On November 24, the group of nations known as the P5+1 (United States, U.K., Germany, France, Russia and China) reached an initial understanding with Iran whereby Iran has agreed to accept limits on its nuclear program in exchange for what a White House Fact Sheet describes as “limited, temporary, targeted and reversible relief” from economic sanctions.
Specifically the P5+1 has committed to:
Not impose new nuclear-related sanctions for six months, if Iran abides by its commitments under this deal, to the extent permissible within their political systems.
Suspend certain sanctions on gold and precious metals, Iran’s auto sector, and Iran’s petrochemical exports, potentially providing Iran approximately $1.5 billion in revenue.
License safety-related repairs and inspections inside Iran for certain Iranian airlines.
Allow purchases of Iranian oil to remain at their currently significantly reduced levels. $4.2 billion from these sales will be allowed to be transferred in installments if Iran fulfills its commitments.
Allow $400 million in governmental tuition assistance to be transferred from restricted Iranian funds directly to recognized educational institutions in third countries to defray the tuition costs of Iranian students.
The initial agreement is intended to last six months, during which time the parties will seek to negotiate a comprehensive agreement. Should Iran renege on its agreement to suspend its nuclear program or the parties fail to reach a more comprehensive deal, the limited sanctions relief may be immediately revoked and it is likely that additional sanctions would then be imposed.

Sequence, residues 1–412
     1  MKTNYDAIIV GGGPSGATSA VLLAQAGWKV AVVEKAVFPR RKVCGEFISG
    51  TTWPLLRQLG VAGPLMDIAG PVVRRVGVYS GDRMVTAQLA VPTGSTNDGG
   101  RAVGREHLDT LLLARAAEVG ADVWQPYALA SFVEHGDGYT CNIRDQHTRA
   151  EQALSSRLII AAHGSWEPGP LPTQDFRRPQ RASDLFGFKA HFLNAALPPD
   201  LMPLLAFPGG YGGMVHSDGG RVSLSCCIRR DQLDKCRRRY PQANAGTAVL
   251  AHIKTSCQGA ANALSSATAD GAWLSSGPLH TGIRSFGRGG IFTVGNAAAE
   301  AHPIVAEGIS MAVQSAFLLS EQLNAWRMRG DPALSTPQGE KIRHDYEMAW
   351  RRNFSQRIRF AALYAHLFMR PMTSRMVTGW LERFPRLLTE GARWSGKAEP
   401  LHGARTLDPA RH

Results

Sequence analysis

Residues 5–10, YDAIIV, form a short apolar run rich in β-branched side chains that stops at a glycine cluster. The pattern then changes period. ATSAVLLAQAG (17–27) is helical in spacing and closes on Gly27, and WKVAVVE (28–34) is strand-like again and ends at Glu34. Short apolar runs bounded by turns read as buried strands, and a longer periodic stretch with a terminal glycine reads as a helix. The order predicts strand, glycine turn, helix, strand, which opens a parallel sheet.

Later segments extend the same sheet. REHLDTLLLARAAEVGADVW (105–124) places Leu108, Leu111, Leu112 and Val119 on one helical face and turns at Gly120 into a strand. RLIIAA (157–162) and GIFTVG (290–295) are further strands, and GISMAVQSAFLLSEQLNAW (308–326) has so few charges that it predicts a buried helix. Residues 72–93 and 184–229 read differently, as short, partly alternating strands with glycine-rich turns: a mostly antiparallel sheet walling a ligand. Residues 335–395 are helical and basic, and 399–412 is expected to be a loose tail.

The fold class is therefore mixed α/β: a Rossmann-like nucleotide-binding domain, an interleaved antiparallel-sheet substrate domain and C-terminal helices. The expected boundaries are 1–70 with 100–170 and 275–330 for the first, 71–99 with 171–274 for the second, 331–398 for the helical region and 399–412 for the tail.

The ultimate impact on entities engaged in international trade remains uncertain. As the White House Fact Sheet makes clear, much depends on what is permissible within the P5+1 political systems. Of note, many in the U.S. Congress remain skeptical of Iran’s intentions and members of both parties are expressing concerns that the Iranian concessions are not sufficient to warrant sanctions relief. Thus, it is unclear whether the deal will be at all acceptable to U.S. lawmakers.
Additionally, details of sanctions relief relating to gold, precious metals, Iran’s auto and airline sectors, and Iran’s petrochemical exports have yet to be finalized and published. Thus, it is uncertain to what extent any such relief will meaningfully impact trade with Iran. At present, the entire array of U.S. sanctions against Iran remains in place. Accordingly, we would caution our clients to maintain their existing compliance efforts until the situation clarifies.
We will publish further guidance as more details become available.